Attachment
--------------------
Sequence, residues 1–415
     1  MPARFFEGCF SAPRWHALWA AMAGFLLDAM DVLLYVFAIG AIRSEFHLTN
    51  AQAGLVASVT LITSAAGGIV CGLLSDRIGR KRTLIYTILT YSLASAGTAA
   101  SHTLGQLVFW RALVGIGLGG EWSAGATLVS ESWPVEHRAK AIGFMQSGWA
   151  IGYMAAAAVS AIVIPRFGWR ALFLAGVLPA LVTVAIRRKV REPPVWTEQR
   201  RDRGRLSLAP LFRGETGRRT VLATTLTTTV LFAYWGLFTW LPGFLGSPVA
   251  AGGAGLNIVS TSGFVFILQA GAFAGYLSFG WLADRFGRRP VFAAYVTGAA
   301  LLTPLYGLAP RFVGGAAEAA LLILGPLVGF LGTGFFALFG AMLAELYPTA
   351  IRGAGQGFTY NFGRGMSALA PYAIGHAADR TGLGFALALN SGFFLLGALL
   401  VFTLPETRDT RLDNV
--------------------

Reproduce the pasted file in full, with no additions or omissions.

Sequence, residues 1–415
     1  MPARFFEGCF SAPRWHALWA AMAGFLLDAM DVLLYVFAIG AIRSEFHLTN
    51  AQAGLVASVT LITSAAGGIV CGLLSDRIGR KRTLIYTILT YSLASAGTAA
   101  SHTLGQLVFW RALVGIGLGG EWSAGATLVS ESWPVEHRAK AIGFMQSGWA
   151  IGYMAAAAVS AIVIPRFGWR ALFLAGVLPA LVTVAIRRKV REPPVWTEQR
   201  RDRGRLSLAP LFRGETGRRT VLATTLTTTV LFAYWGLFTW LPGFLGSPVA
   251  AGGAGLNIVS TSGFVFILQA GAFAGYLSFG WLADRFGRRP VFAAYVTGAA
   301  LLTPLYGLAP RFVGGAAEAA LLILGPLVGF LGTGFFALFG AMLAELYPTA
   351  IRGAGQGFTY NFGRGMSALA PYAIGHAADR TGLGFALALN SGFFLLGALL
   401  VFTLPETRDT RLDNV